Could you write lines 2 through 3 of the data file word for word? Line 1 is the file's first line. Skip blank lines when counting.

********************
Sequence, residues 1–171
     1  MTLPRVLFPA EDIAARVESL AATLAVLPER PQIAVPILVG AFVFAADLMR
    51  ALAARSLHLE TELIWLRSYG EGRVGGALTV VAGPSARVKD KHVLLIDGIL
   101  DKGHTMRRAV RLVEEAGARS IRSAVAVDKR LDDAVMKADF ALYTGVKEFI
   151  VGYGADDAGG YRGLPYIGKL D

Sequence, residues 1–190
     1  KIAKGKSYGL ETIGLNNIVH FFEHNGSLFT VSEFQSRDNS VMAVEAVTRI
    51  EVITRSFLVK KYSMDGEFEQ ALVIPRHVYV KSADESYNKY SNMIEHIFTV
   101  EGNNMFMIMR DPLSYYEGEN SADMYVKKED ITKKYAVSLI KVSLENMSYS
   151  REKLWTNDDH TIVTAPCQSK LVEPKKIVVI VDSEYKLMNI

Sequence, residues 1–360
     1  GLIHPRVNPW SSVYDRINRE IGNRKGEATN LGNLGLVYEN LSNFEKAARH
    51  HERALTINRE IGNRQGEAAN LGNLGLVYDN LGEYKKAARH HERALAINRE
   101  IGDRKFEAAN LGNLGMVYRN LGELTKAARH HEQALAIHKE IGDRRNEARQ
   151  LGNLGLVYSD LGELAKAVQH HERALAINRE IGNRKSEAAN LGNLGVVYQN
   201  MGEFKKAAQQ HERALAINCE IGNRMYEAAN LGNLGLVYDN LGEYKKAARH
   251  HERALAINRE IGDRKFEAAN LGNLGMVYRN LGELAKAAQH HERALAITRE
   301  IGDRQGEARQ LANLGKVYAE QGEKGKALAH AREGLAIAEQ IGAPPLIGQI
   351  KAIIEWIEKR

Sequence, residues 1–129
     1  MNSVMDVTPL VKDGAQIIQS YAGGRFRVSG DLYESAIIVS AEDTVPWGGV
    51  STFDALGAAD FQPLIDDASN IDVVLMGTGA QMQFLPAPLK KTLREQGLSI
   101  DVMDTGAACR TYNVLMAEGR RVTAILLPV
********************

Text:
     1  MTLPRVLFPA EDIAARVESL AATLAVLPER PQIAVPILVG AFVFAADLMR
    51  ALAARSLHLE TELIWLRSYG EGRVGGALTV VAGPSARVKD KHVLLIDGIL